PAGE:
Here is my translation of a question and answer exchange with Igumen Pakhomy (Bruskov), rector of the Holy Trinity Cathedral in Saratov (Russia):
Question: On Great Thursday Orthodox Christians bring home from the service [of the reading of the Twelve Gospels] burning candles or a lantern with a flame. What is the meaning of this custom? What does one do at home with this candle?
Answer: This is simply a beautiful Russian tradition. Matins for Great Friday is served on Thursday evening, during which the so-called "Twelve Passion Gospels" are read, in which the story of Christ's Passion is related. Parishioners stand with lit candles for the entirety of the service, which they then take home. At home one lights one's icon lamps from these candles. There exists the pious custom of maintaining this Thursday fire in one's icon lamps until Pascha. In olden times the soot from burning Thursday candles was used to draw crosses on doorways.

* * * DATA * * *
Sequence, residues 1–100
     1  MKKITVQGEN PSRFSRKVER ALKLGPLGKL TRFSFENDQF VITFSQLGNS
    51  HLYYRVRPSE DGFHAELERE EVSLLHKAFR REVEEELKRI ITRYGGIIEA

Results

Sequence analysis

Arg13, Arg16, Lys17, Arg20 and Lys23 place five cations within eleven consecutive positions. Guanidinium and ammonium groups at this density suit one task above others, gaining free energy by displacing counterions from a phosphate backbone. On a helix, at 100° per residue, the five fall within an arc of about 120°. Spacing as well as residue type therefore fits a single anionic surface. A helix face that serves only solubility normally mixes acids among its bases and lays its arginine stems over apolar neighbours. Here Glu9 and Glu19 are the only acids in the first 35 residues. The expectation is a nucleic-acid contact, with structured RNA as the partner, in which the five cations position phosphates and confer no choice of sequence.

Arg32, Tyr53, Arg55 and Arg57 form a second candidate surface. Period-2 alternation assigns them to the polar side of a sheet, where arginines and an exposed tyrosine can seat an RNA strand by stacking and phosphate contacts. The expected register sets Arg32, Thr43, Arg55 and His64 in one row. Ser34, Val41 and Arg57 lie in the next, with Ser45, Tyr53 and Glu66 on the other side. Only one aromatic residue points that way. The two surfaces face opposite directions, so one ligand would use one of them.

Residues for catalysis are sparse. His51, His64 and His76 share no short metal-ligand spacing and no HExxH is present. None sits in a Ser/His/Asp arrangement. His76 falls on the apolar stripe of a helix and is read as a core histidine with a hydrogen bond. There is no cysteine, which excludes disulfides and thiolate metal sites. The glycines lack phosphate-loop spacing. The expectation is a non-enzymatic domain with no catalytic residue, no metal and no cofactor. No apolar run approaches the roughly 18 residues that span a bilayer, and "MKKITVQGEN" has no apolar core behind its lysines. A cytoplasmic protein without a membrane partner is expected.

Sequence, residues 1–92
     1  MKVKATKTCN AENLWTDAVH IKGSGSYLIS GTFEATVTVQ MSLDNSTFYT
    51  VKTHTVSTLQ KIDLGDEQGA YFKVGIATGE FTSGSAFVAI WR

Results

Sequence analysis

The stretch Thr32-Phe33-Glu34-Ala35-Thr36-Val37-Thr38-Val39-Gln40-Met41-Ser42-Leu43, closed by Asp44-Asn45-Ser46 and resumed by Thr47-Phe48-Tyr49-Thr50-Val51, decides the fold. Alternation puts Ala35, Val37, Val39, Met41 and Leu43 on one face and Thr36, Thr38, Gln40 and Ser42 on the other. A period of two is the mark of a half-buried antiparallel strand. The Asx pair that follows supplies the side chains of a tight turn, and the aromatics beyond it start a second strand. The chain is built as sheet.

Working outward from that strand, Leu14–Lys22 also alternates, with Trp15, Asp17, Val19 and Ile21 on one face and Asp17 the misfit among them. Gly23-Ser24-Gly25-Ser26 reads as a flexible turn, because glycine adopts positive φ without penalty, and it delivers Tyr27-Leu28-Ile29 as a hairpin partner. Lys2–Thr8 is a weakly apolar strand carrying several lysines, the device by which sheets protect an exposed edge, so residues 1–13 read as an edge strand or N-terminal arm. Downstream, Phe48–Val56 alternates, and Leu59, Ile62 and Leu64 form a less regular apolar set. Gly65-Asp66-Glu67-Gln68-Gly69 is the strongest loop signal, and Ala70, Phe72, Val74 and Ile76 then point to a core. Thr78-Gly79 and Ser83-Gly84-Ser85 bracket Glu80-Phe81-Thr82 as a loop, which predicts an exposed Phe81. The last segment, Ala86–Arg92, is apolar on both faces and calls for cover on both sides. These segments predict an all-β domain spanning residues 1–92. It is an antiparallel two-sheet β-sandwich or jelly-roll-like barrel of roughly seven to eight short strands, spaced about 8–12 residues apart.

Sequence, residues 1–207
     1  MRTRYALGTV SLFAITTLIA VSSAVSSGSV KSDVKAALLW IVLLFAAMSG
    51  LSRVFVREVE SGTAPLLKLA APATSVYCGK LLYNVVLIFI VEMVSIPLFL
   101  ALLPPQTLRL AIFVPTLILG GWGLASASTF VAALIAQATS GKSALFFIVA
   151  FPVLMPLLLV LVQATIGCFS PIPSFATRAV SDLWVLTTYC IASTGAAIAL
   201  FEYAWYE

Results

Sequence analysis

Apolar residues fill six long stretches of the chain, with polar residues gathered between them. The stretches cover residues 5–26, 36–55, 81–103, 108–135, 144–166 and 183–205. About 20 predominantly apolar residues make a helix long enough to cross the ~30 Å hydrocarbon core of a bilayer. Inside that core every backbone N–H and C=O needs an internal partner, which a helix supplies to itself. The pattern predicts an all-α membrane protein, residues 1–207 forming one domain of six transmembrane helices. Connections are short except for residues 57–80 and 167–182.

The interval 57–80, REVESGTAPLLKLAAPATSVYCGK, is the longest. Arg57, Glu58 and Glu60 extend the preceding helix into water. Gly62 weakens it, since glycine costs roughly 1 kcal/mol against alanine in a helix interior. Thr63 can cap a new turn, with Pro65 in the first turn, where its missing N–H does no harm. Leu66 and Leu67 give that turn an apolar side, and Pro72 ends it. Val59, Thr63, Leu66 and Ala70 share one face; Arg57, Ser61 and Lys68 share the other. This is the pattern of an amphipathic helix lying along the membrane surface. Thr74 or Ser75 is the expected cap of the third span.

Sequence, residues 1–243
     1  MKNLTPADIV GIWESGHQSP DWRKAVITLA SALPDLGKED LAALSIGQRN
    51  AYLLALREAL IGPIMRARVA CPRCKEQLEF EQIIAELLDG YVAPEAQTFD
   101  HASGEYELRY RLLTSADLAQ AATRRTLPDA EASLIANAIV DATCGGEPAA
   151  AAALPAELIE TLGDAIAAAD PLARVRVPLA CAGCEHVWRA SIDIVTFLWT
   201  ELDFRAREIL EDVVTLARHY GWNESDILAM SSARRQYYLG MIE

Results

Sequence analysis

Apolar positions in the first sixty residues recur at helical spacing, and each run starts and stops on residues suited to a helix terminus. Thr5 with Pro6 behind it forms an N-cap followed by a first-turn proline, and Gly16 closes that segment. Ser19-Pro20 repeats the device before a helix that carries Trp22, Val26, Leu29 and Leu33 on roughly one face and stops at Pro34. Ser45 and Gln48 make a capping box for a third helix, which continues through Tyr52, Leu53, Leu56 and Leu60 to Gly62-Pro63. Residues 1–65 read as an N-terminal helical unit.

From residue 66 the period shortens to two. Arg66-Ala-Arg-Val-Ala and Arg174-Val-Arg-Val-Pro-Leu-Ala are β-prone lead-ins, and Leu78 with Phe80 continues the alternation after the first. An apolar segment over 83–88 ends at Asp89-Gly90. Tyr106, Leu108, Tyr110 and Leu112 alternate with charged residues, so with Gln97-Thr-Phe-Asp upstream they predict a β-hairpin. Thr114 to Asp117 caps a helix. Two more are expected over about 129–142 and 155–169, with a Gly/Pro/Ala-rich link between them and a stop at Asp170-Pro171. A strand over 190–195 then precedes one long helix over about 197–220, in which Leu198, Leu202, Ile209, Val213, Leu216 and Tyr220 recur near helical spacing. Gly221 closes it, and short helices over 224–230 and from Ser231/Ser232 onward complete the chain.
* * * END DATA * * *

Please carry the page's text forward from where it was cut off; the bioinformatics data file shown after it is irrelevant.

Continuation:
One should remark, however, that all our external ritual actions, using various objects (lamps, vestments, etc.) are meaningless unless we penetrate their inner significance. From ancient times light, fire, and burning lamps at Divine services have symbolized Christ, Who enlightens our life, our heart. One can put forward as an example the priest bringing out a candle and pronouncing the words "The Light of Christ enlightens all!" at the Liturgy of the Presanctified Gifts. Here the candle is a symbol of Christ, the Light of the world, Who enlightens all who come to Him.
The Thursday fire has a similar symbolic meaning. It is a symbol of the enlightenment of the world with the light of the teaching of the Gospel.